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Lateral Cephalogram
MARK THESE POINTS ON YOUR CEPHALOGRAM Porion Basion Xi Point Pt point Orbitale PNS ANS A Point Nasion

Gonion Pm Point Pogonion Gnathion Menton

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Facial Depth (Angle) 87 +/- 3


Nasion

Frankfort Horizontal Porion 87 Orbitale


o

Pogonion
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Mandibular Plane Angle: 26 +/- 4

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Mandibular Plane Gonion Pogonion Menton


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Facial Axis: 90 +/- 3

90 Basion

Skull Base

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Maxillary Depth: 90 +/- 3

90

A point

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Convexity at point A: 2mm +/- 2 mm

A point

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Lower incisor to APog: 1mm +/- 2 mm

A point

Pogonion
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Xi Point and Functional Occlusal Plane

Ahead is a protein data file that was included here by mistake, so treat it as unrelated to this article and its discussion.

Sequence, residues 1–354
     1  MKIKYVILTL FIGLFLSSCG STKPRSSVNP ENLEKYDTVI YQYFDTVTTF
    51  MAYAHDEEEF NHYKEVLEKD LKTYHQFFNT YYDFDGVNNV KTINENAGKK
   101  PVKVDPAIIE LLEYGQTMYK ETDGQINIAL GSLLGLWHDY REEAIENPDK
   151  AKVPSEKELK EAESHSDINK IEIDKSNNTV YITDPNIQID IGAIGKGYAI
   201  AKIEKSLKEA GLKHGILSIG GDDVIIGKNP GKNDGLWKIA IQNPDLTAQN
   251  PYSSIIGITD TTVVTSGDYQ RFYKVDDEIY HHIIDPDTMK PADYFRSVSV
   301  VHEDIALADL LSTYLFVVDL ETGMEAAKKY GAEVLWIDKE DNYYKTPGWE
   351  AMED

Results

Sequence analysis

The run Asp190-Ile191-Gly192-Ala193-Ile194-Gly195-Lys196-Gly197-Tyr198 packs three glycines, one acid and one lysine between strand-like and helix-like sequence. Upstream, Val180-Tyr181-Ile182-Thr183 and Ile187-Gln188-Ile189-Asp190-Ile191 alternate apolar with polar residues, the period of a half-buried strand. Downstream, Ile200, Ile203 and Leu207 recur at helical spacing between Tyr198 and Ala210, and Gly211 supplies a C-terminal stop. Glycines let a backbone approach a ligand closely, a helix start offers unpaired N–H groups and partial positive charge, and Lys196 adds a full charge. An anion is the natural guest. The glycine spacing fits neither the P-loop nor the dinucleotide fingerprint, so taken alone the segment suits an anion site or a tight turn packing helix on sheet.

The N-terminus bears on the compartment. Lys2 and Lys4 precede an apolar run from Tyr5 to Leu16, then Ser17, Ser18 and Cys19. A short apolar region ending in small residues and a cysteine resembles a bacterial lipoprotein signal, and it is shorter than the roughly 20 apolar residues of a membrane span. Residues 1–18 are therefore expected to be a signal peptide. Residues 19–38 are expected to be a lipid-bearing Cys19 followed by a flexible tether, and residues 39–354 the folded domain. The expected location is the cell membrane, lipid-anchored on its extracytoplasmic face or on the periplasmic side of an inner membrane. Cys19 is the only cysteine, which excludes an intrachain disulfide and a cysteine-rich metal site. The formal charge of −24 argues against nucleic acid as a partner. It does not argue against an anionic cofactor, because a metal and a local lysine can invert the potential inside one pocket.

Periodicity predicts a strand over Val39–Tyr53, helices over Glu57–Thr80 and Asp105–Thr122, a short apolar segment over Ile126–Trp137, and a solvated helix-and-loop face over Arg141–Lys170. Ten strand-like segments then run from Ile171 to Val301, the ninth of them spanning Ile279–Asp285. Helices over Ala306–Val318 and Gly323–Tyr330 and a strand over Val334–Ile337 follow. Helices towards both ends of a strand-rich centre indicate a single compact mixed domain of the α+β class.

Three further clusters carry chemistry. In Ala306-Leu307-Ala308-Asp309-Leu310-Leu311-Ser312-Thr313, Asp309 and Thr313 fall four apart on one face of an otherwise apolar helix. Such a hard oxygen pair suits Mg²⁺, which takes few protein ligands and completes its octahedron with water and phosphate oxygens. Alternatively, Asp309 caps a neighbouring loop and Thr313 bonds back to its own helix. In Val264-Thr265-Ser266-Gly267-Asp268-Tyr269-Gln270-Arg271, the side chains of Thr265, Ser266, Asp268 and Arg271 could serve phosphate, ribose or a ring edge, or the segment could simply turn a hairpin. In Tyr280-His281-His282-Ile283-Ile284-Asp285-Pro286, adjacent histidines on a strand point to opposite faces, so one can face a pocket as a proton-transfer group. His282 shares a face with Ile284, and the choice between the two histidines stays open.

Xi

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Lower Face Height : 47 +/- 4

ANS Xi 47
o

Pm Point
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Interincisal Angle: 130

130 +/-6
o

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Other Analyses

32 +/-5

Approximately Parallel

112 +/-6 112 +/-6 130 +/-6


o o

90 +/-7

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Evaluation of Soft Tissue on Lateral Ceph


30-40
o

UFH: 130
o

100-110

LFH: 120-132
o
o

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CHECK THAT THE PATIENT IS IN REPOSE, KB 2010 WHICH THIS PATIENT IS NOT

Clinical Photography

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Clinical Photographs